by Pamela Neville-Sington, Viking pounds 20
Social histories of the early Victorian period have a tendency to play down the importance of the woman writer. No doubt, the literary sisterhood of the 1840s was a heterodox crowd - it included the down-at- heel poets satirised in Pendennis as well as genuine best-sellers - but at its upper level it was a force to be reckoned with. Mrs Gore, to take a representative example, was an influential figure in Victorian society for 20 years, and Thackeray professed himself flattered by a rumour that she was the author of the then anonymous Vanity Fair.
In some ways Fanny Trollope stands at the head of a literary grouping whose significance was always likely to be more than literary. The publisher Whittaker gave her pounds 400 for her first novel, The Refugee in America, in 1832. Domestic Manners of the Americans, which had established her reputation earlier in the same year, was one of the great pioneer exercises in transatlantic disparagement; its influence lasted deep into the later 19th century. Dickens had a copy to hand when he wrote his American Notes, while Anthony Trollope, visiting Ohio a good 40 years after his mother's stay, found that her reputation survived intact.
Like many another Victorian literary output, Mrs Trollope's 35 novels and half-dozen travel books were the product of necessity. If the series of financial disasters racked up by her moody barrister husband Thomas Anthony seem over-familiar to the readers of Victorian novels, it is because Anthony put several of them into his own fiction: the descent of the bailiffs on the Roberts's vicarage in Framley Parsonage mirrors a real-life depredation on the Trollopes' Harrow farmhouse. Irascible, quarrelsome, fatalistic ("The touch of his hand seemed to create failure" according to Anthony), poisoned by the mercury he took for his painful headaches, Trollope senior eventually became a millstone around his wife's neck. Her American trip in the late 1820s, originally to join a commune of simple-lifers, was a transparent attempt to escape from an increasingly irksome and impoverished home. Returning after four years of fruitless commercial endeavour - including a Cincinatti entertainment palace that ate up what remained of her capital - she found her husband nearly bankrupt. Despite the success of Domestic Manners, the family fled to the continent to escape paterfamilias's arraignment for debt.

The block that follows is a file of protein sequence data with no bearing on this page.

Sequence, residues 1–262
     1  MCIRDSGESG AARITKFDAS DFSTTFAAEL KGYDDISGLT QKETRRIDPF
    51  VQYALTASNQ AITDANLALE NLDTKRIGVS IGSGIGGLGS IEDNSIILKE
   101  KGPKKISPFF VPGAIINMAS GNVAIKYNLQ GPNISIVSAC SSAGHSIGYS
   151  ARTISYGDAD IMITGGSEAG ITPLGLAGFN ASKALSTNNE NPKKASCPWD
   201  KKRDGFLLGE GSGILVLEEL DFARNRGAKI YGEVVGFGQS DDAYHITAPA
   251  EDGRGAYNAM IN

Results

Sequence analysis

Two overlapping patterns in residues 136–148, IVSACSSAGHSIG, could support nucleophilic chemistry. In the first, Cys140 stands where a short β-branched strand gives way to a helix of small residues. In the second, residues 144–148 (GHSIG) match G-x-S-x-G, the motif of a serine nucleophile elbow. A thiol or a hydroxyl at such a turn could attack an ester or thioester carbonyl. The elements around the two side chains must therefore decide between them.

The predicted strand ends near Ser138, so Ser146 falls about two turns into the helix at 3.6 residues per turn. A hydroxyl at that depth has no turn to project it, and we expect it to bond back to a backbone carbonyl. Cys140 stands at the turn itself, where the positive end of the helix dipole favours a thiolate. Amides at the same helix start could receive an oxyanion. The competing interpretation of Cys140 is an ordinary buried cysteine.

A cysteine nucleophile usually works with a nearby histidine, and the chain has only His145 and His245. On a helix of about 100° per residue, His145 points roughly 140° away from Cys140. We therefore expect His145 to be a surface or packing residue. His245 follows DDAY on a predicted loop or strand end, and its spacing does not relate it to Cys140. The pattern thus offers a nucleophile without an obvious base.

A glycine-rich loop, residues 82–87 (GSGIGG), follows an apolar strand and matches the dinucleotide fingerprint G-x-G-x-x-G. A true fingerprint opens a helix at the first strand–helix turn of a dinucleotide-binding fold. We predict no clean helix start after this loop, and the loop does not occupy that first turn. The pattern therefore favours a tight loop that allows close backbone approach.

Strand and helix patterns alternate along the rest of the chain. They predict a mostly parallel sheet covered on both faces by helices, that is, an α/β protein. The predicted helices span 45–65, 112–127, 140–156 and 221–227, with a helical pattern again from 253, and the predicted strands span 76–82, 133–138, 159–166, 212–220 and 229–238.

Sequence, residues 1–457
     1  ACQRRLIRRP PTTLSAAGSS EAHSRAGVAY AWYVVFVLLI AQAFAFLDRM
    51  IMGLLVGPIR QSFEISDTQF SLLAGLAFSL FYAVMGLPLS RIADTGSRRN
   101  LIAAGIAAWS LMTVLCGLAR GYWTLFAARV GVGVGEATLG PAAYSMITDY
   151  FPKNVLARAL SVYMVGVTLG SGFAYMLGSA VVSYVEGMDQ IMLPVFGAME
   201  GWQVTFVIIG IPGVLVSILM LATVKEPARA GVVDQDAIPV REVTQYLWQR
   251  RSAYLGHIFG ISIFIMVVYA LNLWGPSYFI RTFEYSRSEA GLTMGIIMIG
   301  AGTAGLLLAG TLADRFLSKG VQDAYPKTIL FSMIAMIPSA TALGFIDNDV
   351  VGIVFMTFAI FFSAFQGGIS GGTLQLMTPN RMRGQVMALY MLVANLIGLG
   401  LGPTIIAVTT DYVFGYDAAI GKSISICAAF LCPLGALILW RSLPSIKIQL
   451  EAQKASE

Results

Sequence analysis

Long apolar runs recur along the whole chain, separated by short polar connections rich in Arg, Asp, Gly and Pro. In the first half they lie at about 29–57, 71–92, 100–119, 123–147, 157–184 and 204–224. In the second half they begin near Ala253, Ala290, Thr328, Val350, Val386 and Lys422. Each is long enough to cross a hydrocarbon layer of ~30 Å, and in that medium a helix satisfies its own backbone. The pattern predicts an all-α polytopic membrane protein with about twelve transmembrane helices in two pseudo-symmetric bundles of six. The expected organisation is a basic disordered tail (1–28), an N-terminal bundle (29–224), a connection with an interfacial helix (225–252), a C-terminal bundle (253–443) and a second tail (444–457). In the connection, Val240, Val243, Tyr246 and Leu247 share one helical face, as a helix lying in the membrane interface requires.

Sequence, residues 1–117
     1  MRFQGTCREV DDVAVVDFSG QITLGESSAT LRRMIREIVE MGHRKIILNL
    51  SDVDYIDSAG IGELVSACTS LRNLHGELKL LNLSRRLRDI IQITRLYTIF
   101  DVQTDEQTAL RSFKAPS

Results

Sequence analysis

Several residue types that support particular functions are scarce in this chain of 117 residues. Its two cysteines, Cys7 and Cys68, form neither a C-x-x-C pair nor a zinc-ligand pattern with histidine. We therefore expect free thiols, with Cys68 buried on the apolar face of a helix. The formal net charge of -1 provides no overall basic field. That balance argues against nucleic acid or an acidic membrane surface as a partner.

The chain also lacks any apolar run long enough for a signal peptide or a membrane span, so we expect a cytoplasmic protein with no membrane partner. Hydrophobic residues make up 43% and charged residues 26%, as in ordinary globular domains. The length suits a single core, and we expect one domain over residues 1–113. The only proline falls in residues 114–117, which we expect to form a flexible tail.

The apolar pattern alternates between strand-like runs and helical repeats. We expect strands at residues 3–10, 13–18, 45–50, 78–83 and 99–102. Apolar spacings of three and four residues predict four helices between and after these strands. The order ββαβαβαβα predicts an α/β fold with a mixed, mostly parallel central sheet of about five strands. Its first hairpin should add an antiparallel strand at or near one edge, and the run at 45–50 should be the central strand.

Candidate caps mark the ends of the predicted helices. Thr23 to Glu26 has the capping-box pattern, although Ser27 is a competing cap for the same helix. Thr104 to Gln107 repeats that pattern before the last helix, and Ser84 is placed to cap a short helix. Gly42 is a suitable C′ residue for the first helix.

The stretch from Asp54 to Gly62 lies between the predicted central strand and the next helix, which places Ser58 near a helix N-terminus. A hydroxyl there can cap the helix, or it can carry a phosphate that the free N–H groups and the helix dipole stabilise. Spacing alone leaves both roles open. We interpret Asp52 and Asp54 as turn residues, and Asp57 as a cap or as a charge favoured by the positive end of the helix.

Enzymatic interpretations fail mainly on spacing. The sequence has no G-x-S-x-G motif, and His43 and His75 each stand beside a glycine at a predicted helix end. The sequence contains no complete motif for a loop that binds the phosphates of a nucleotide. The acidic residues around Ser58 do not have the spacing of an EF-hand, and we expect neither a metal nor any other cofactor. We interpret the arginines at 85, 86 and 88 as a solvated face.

Amid tribulation and tragedy - husband and two children died within the space of a single year - Mrs Trollope wrote indefatigably on, elbowed her way into polite literary society, struck advantageous bargains with sharp contemporary publishers like Bentley and Colburn, and rapidly became a household name. Among the many marks of her intelligence, as Pamela Neville-Sington shows, was a shrewd eye for the market. Her first two books had been dramatisations of her American experiences, but the third (The Abbess, 1833) exploited a period vogue for the Gothic romance. Thereafter, the tide flowed relentlessly on, only coming to a halt with Fashionable Life in 1856, two years short of her 80th birthday.
Fanny Trollope: The Life and Adventures of a Clever Woman (Neville-Sington's edition of Domestic Manners is published simultaneously in Penguin Classics at pounds 8.99) is a thoroughly worthy take on this extraordinary career, a touch unadventurously written in its early stages, perhaps, but picking up no end - as it could scarcely fail to do - when covering the American scenes. If there are two slight irritations, they are the biographer's dogged attempts to weave Fanny's early life into the social circles inhabited by Jane Austen, and her belief that almost every scenario in the novels has some parallel in her subject's own life. Nothing wrong with the life/art nexus, of course, especially when the source material is thin, but between pages 49 and 50, for example there are no fewer than five descriptions of life chez Trollope which turn out to have been filched from the Trollope oeuvre.
On the other hand, Neville-Sington is good on the sheer effervescence of Fanny's character: it is easy to believe, from the personality sketched here, that the literary powers were there from the first (in fact, Fanny did make one or two pre-crash attempts at a novel) and wanted only the stimulus of approaching ruin to stir them into action. There are also some shrewd glimpses of the young Anthony (who resented not being taken to America) skulking round his father's chambers or, as a hobbledehoy clerk, bringing home his own debts for maternal settlement. Here, it seems fairly evident, the money fixations of his own Autobiography have their source.Reuse content